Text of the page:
An old cottage, walls an arm-depth thick, hidden in the dappled sunlight of a wood at the foot of a mountain.
Gold crests, nuthatches and treecreepers fly over the roof.
Through the windows comes the sound of the river.
It pours under a stone bridge draped in ivy, moss and lichen.
Darkness surrounds us – no moon, no stars, no street lights.
Pages turn, the fire crackles.
A pause: “The baby’s moving again..”
Me, my fiancee and our soon-to-be baby.
High on a ridge, purple and yellow and humming with bees.
A strong breeze, heather scented.
White clouds scud across a blue sky, over the sheer walls of the Cadair, the rock throne of the Mountain Giant, Idris.
A ruined chapel, its graveyard full of farmers and their families.
Hard, short lives.
Could they look out from their resting places they would see the fields they used to tend, still full of sheep, wagtails and crows.
I like to think they’d smile.
A ride/A swim
Geese flying in formation up the estuary, below them slow brown eddies move inland withe the tide.
The rising water creeps up the mud, pushing curlew towards the bank.
We follow the old railway to the sea on a bicycle made for two.
The end of the line.
The ghosts of Victorian holidays – bathing machines, donkey rides and iced cream.
Buried in the sand, drowned in the sea.
Now a faded town of chips, amusements and hungry gulls.
A climb past the church, up to a slate plateau.
A vast metal flywheel lies at the entrance of a tunnel, we walk up the stream emerging from it.
Light, darkness, light.
A flooded quarry.
A step from a rock, a moment in the warm air, then water.
Cold, cold water; deeper than anyone knows.
Deeper than a fishing line we are told, water as deep as the sea.
A hike/A night in the dark
Blue sky, white clouds, warmth.
A lizard sunning itself on the path scuttles off as we approach.
The distance to Harlech inscribed on an ancient stone marker.
We look up at a dip in the ridge high above us – “Bwlch Y Rhiwgyr, “The Drover’s Pass.”
We would have heard them before we saw them.
Shouts and calls to warn farmers to bring in their livestock or risk losing it in the throng.
Then a half mile of men, horses, cattle, pigs and geese on a three week journey to London.
Three weeks of bogs, moors, forests, thieves and wolves.
Only the ravens calling now.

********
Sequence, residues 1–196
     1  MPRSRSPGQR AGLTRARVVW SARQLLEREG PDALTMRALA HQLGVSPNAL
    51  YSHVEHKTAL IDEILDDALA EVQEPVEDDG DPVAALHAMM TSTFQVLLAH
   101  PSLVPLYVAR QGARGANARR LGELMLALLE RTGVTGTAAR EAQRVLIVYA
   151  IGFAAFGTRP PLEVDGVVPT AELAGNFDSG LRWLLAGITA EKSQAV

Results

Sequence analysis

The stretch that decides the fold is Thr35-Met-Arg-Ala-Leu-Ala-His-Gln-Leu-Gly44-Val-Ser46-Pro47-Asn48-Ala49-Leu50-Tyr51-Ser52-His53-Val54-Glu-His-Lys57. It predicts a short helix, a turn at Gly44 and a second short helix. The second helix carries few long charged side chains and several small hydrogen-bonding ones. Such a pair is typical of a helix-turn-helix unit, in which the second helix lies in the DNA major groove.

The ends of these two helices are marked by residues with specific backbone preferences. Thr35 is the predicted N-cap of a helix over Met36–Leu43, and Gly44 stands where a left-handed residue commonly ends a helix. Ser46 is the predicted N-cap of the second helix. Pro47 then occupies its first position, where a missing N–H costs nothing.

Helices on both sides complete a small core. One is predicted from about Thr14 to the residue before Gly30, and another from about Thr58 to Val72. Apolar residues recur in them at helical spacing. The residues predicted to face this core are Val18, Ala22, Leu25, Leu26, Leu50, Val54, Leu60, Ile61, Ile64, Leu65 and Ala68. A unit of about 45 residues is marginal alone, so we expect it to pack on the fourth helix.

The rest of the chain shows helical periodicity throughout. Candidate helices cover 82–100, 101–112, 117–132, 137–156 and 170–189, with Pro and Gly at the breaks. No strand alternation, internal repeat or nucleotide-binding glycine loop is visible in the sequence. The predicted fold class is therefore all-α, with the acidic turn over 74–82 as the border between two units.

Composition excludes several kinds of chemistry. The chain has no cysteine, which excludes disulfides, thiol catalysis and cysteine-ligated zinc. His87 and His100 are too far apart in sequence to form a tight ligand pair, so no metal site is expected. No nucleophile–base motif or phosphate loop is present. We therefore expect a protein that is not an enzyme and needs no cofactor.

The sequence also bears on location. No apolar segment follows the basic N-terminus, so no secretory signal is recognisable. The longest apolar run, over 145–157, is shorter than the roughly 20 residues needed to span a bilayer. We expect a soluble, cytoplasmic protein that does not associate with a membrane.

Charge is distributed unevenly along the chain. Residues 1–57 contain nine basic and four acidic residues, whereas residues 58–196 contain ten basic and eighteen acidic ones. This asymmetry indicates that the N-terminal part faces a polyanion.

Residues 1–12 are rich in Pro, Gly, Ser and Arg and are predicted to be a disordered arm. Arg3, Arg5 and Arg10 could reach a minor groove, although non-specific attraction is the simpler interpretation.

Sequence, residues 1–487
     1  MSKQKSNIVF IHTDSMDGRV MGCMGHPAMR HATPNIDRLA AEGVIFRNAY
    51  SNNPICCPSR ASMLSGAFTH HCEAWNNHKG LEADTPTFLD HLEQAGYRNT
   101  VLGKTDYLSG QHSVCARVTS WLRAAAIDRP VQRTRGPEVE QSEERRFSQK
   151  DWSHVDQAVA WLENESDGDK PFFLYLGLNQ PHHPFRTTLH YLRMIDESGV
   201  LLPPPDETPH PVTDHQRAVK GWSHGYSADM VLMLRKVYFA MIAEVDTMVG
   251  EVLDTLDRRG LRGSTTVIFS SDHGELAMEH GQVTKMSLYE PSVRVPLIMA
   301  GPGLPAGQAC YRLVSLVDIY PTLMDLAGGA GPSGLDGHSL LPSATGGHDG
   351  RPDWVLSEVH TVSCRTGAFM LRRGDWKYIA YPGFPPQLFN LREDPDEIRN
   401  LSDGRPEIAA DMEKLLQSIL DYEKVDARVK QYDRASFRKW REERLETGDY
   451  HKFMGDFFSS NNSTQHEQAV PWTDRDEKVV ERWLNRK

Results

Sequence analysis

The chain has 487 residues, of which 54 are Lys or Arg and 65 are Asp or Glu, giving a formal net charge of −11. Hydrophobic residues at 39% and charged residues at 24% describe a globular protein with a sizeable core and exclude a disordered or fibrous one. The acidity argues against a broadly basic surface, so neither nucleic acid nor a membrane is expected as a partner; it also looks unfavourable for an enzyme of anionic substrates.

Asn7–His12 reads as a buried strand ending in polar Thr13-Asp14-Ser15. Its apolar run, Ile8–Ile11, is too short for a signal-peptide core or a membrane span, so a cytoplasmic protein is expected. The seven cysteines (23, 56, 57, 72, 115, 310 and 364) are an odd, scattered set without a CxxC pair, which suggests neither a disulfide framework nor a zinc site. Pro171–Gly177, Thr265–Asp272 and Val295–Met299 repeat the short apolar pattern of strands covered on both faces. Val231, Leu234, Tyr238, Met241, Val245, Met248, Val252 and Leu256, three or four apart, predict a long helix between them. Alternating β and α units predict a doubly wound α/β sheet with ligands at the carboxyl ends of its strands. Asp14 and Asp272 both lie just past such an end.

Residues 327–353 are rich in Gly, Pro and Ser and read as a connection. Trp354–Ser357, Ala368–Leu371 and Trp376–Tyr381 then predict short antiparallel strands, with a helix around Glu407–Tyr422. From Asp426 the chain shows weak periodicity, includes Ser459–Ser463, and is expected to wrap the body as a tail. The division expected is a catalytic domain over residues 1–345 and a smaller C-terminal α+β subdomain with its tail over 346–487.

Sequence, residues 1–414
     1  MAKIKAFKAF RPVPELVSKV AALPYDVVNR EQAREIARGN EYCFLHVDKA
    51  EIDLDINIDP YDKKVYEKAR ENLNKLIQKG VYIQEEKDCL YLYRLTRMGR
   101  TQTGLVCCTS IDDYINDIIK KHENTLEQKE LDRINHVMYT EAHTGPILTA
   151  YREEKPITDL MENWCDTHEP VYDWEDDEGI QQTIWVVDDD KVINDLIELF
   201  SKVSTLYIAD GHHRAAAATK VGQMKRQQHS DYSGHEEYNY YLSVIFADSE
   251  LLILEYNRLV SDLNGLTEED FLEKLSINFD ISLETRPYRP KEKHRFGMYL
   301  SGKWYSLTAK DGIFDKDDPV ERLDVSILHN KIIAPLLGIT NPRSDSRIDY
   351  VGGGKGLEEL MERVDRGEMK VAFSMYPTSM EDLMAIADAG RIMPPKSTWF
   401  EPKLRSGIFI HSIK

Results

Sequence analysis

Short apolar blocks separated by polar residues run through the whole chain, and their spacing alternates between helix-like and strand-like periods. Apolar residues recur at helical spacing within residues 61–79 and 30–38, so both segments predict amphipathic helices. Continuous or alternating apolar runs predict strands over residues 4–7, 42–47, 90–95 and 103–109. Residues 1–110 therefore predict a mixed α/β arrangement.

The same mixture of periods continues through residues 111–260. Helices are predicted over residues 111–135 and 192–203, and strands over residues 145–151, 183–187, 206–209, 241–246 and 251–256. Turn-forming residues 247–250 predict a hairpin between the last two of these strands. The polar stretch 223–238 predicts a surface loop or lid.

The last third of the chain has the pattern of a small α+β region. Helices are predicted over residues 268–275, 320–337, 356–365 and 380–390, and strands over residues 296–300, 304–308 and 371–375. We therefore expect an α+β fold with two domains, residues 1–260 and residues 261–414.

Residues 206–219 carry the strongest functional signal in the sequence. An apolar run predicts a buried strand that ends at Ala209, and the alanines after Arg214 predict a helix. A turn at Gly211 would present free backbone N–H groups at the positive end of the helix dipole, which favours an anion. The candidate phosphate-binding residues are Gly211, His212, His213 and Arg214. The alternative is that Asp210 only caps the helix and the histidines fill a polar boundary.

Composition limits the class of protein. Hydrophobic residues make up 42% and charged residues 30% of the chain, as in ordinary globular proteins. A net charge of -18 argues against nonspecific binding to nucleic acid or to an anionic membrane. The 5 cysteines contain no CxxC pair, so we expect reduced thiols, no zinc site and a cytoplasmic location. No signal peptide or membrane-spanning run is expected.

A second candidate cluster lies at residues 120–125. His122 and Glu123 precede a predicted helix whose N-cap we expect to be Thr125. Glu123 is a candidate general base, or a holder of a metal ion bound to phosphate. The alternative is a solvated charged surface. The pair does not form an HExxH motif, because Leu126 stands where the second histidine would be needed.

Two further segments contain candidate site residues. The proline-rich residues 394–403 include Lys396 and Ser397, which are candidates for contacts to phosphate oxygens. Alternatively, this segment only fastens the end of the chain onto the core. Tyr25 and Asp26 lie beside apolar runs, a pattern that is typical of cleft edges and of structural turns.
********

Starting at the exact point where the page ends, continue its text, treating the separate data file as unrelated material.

The summit of Diffwys, we can see for miles.
Snowdon sits on the horizon.
Great banks of waves roll in from the Irish Sea.
Manganese from this mountain’s heart strengthened the steel of the late industrial revolution.
Under the path the tunnels of a forgotten mine lie in silence, their props fallen, their entrances collapsed.
Wild goats roam the old tram ways that lead from it, wary, they disappear as we descend.
Clouds gather as night falls over Cefn Gam slate quarry.
We pitch our tent in the stone skeleton of a ruined oubuilding
These walls, a few broken tracks and the metal belly of an upturned cart, the last of man’s artefacts unclaimed by the moor.
Slates on the waste heap shift under the hooves of sheep, knockings and crunchings out of sight.
We light a fire, dead bracken and heather catch quickly.
We warm our hands on the flames as peat-tinged stream water boils.
After the fire dies and we turn offf the torch, we sleep in pitch black.
Later we hear wind and rain on canvas.
In the damp morning we explore.
Meadow pipits scatter before us, short calls of alarm, little brown flurries.
Into the quarry.
Rowan trees cling to the side of a green chasm.
Standing on the edge, nerves tingle as we look down.
Water falls down to the pool at the bottom of this great tear in the ground, time passing, drop by drop.
Down to the estuary through the mossy oak woods, a shower soaking us.
Then sun, the wet road steaming in the heat.
Standing on the grey, deserted beach, grey cloud meeting grey water.
Wind blowing little waves backwards in the shallows.
A few plover scurry about, their feathers buffeted.
Time to go home.